Relations between police officers and the general public have grown in complexity in recent years, especially in light of the global Black Lives Matter movement which reached a boiling point following the death of American man George Floyd at the hands of police.
So complex, in fact, that the acronym ACAB (shorthand for “all cops are bastards”) grabbed the attention of Macquarie Dictionary editors last year, and now police officers are trying to use social media platforms’ copyright policies to prevent civilians filming them.
A Beverly Hills police officer was filmed last week by Sennett Devermont — a notable activist — while processing a freedom-of-information request for body camera footage.
Devermont recorded the encounter using Instagram via his activist account @mrcheckpoint_, when the officer, Sergeant Billy Fair, realised he was being filmed.
Fair decided to begin playing “Santeria” by ska group Sublime as an apparent act to deter Devermont from recording the encounter and receiving a copyright infringement on Instagram.
According to VICE News, because the primary purpose of the recording was not to intentionally stream copyrighted music, Devermont should be in the clear.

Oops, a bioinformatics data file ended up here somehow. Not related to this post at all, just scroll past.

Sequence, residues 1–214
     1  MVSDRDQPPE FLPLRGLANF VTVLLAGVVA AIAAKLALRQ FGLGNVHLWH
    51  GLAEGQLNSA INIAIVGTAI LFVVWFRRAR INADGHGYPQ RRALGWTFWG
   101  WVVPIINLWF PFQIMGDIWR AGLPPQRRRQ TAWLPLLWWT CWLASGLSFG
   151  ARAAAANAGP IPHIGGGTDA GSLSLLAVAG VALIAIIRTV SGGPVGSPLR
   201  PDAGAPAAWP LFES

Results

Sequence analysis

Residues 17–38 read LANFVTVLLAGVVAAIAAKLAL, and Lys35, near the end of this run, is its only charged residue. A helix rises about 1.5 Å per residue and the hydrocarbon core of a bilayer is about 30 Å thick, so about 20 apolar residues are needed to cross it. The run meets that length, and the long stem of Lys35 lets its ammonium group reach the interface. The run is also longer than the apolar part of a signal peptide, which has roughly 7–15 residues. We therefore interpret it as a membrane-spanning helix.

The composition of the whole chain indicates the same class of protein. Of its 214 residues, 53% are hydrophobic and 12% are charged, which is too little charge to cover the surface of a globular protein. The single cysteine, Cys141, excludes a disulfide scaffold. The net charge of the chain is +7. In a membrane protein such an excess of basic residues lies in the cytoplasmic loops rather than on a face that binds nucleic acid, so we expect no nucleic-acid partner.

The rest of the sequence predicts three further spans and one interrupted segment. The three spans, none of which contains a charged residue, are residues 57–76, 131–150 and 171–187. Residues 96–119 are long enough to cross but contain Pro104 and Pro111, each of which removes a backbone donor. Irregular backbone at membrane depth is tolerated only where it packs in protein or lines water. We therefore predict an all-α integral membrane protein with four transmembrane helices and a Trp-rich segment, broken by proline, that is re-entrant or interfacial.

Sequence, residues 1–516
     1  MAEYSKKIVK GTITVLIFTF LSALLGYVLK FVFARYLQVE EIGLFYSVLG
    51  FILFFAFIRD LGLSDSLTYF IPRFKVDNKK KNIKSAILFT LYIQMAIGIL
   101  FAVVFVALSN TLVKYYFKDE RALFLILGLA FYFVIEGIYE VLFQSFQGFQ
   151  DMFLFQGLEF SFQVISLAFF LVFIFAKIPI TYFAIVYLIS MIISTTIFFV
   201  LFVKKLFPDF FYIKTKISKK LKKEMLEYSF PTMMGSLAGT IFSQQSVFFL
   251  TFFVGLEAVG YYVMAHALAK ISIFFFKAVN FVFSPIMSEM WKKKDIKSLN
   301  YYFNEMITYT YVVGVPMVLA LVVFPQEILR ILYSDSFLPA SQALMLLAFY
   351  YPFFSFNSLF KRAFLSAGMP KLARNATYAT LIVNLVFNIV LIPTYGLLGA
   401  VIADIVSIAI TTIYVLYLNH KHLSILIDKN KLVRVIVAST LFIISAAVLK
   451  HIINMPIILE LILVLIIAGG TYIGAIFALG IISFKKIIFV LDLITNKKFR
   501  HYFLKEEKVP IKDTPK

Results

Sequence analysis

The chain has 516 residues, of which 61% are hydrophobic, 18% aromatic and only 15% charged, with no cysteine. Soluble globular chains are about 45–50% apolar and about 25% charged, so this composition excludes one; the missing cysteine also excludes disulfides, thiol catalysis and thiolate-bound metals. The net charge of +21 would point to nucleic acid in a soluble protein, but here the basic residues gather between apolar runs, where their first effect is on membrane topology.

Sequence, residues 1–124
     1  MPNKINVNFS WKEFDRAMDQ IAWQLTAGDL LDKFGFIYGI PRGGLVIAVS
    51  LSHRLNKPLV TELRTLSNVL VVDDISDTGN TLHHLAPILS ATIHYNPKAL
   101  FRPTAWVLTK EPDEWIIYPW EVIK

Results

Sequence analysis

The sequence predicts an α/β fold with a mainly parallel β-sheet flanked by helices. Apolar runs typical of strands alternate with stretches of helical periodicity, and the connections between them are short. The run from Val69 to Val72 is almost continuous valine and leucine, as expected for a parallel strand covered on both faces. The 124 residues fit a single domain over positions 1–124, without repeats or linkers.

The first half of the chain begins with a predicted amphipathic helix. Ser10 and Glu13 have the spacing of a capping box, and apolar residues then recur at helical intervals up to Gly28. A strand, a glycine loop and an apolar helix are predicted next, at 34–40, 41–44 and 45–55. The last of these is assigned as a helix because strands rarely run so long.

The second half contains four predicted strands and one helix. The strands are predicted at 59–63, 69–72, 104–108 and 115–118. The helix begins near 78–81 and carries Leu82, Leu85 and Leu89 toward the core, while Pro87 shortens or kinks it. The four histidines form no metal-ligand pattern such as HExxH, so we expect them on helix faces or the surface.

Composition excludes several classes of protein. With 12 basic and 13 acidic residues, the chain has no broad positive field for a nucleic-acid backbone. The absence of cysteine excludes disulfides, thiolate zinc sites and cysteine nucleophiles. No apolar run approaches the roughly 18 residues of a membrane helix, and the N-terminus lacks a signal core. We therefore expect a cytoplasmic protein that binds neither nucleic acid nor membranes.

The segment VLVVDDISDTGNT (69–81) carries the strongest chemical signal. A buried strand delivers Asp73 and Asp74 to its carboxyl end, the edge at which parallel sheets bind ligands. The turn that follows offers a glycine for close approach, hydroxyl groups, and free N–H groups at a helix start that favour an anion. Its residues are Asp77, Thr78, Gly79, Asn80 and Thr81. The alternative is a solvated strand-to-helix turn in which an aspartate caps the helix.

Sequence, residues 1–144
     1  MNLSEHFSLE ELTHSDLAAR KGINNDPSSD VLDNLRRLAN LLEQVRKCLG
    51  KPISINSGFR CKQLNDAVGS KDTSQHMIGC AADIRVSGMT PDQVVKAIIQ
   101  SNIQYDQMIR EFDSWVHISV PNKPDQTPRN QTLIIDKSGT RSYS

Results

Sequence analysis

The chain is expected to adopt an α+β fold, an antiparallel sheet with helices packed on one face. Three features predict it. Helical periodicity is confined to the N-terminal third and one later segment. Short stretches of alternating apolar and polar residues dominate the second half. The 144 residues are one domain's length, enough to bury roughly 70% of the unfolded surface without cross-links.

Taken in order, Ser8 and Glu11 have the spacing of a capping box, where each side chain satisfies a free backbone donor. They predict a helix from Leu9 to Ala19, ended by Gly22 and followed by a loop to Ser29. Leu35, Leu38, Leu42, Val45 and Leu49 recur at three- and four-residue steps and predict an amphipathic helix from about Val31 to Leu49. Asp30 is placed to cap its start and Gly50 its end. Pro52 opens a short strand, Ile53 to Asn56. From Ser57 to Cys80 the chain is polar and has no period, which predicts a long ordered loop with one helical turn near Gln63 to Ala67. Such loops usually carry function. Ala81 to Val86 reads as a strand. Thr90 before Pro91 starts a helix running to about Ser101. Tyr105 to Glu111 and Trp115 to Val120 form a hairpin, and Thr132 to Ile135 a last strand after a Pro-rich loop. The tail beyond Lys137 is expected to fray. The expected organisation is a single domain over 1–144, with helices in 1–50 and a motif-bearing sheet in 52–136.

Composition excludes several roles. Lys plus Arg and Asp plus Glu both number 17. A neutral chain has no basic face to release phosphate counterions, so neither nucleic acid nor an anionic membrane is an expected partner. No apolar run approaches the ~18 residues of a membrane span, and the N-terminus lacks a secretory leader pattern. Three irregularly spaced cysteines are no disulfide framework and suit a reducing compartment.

We all know how finicky social media’s copyright detection can be, however — Twitch’s DMCA mess made waves last year, including artists being punished for playing their own music.
While Devermont’s Instagram posts are currently still active, it’s reportedly not the first time an officer from the Beverly Hills Police Department has tried the technique, with another officer trying The Beatles’ music as a deterrent.
The main point VICE News stresses is that recording an on-duty police officer is legal in most instances, a right protected by the First Amendment, and that some officers are trying to circumvent this.
Locally, you can film a police officer in a public place as long as you are not interfering with their duties — which could be open for interpretation.
In recent years, Australian police officers have garnered criticism for disabling body camera worn on their uniforms, including one Victorian officer who obstructed their camera with a sticker reading “EAD (eat a dick) hippy” at a mining protest in late 2019.
In the NSW police force, a 2020 review upheld the protocol that body camera activation is up to the discretion of officers.
Body cameras are worn by police officers as a method of recording evidence for court proceedings but have previously been criticised for their selective use — sometimes for alleged PR purposes.
At least, for now, we know that recording police encounters shouldn’t get you in trouble with social media copyright policies, even if licensed music is played.
Even if Beverly Hills PD has no self-awareness with their song selection in not playing Weezer.
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